Saturday, June 25, 2016
Is the “Brexit” vote a sign of things to come? Our polling certainly suggests that most Republicans at least also have had their fill of rule by out-of-touch elites.
Seventy-three percent (73%) of Republican voters believe GOP leaders have lost touch with the party’s base, although just 28% of Democrats believe that of the leaders of their party.
Even though Donald Trump won more votes in the primaries and caucuses than any Republican candidate in history, most GOP voters are convinced that their party’s leaders don’t want him to be elected president.
Is Trump then already a third-party candidate, running against both the Democratic and Republican establishments?
Hillary Clinton has edged ahead of Trump in our weekly White House Watch survey, but she hasn’t experienced any major bump since finally defeating Sanders for the Democratic nomination. Trump’s support has held steady at roughly 40% through all the bad weeks the media and some Republican leaders insist he’s having.
It’s lucky for them that this year’s presidential election isn’t a popularity contest or both Clinton and Trump might lose.
Clinton and Bernie Sanders met privately last week, a meeting that went largely unnoticed in the wake of the horrific events in Orlando. Could this signal the party unity many Democrats are hoping for?
Following the terrorist massacre at an Orlando nightclub, only 26% of voters think the country is heading in the right direction.
Voters aren’t overly enthusiastic about how President Obama and the two likely major party presidential candidates have responded to the Orlando terrorist massacre, but the president does best, especially among those who want more gun control.
Two competing narratives have emerged in the wake of Orlando: Trump and most prominent Republicans say it represents the growing threat of domestic Islamic terrorism, while Obama, Clinton and most Democratic leaders say it highlights the need for increased gun control. Eighty-one percent (81%) of Democrats and 53% of unaffiliated voters now favor stricter gun control laws, pushing overall support to a new high. Sixty-one percent (61%) of Republicans are opposed to additional gun control.
Seventy-five percent (75%) of Republicans and 53% of voters not affiliated with either major political party believe the government does not focus enough on the threat of domestic Islamic terrorism, but only 31% of Democrats share this view. Slightly more voters (36%) in Obama's party say the government focuses too much on the domestic Islamic threat, while 31% think the focus is about right.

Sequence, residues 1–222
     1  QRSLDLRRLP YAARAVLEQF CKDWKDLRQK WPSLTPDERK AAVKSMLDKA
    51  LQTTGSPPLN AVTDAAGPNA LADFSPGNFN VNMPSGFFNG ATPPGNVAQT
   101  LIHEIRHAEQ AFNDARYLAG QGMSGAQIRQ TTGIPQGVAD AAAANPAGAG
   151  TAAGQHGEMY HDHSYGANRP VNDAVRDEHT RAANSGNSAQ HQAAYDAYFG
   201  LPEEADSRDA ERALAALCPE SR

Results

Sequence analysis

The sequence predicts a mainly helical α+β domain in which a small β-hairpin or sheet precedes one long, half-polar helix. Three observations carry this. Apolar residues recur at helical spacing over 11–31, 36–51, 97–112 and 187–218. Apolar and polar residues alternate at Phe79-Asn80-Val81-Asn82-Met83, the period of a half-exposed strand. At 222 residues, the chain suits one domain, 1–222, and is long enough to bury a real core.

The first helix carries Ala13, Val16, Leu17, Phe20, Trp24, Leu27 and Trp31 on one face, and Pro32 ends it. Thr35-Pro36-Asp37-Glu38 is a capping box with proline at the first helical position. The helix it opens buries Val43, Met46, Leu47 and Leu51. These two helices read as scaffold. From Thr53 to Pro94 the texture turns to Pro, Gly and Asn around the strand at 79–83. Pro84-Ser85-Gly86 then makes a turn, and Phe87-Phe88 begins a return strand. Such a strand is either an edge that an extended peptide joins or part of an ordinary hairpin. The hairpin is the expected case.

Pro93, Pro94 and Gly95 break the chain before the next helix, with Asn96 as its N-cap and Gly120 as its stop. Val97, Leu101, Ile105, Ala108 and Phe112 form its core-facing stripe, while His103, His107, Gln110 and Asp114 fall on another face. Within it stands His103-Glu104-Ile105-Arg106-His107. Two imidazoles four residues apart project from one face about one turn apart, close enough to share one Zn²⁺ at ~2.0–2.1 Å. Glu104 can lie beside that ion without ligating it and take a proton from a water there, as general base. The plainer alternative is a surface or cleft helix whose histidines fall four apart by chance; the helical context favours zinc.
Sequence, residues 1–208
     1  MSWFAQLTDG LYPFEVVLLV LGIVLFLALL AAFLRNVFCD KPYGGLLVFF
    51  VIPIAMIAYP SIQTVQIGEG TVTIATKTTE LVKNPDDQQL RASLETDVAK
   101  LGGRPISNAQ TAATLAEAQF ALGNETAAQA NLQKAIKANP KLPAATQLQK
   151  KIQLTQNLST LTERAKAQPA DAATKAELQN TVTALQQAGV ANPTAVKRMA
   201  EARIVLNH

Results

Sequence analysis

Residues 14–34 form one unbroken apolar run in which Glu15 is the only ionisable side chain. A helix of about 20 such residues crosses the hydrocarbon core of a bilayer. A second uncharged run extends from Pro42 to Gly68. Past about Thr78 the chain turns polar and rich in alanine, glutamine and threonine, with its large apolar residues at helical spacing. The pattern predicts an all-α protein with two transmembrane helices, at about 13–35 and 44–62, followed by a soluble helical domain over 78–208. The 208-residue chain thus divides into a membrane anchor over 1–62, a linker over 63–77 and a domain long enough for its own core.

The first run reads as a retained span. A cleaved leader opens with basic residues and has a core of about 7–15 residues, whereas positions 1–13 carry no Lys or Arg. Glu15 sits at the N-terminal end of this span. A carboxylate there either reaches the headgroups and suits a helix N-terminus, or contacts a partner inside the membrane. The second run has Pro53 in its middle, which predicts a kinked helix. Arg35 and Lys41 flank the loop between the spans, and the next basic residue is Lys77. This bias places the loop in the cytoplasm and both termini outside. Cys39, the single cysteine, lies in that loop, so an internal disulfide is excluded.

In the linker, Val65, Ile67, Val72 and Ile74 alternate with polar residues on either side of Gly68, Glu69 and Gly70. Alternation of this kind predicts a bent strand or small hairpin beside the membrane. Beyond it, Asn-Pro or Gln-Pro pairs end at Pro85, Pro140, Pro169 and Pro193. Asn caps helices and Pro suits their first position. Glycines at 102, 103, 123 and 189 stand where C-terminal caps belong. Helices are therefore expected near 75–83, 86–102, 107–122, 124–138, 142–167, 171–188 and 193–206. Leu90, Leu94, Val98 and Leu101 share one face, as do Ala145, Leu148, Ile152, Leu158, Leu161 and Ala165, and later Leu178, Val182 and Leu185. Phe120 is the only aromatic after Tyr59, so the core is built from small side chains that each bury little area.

Still, just 26% of all voters now think the United States is safer today than it was before the terrorist attacks on September 11, 2001, the lowest finding in nearly 10 years of regular tracking. Most voters also think the government won't be able to stop further terrorist attacks on the homeland like the one in Orlando.
In late March, 67% OF Republicans – and 45% of all voters - still favored Trump’s proposed temporary ban on Muslims entering this country until the federal government improves its ability to screen out potential terrorists.
But the Obama administration is speeding the vetting process for Syrian refugees so 10,000 can come to the United States this year. Most voters still don’t welcome those newcomers from Syria and fear they are a threat to the country.
A tie vote in the U.S. Supreme Court this week has effectively killed the president’s executive order to exempt up to five million illegal immigrants from deportation. Most voters have long opposed the president’s immigration amnesty plan.
Sixty-one percent (61%), in fact, think the U.S. government is not aggressive enough in deporting those who are in this country illegally.
A federal judge this week also struck down the Obama administration’s regulations on hydraulic fracturing, or fracking. Most Americans think fracking can be done in an environmentally sound way and will end U.S. dependence on foreign oil.
The president, however, continues to earn better than average daily job approval ratings.
In other surveys last week:
-- Voters under 40 are a lot more enthusiastic about an openly gay presidential candidate than their elders are.
-- The growing number of protests at colleges and universities has a sizable number of Americans questioning whether free speech has a place on modern campuses.
-- Craft beer is gaining popularity among American drinkers, and a sizable number now say they brew their own.
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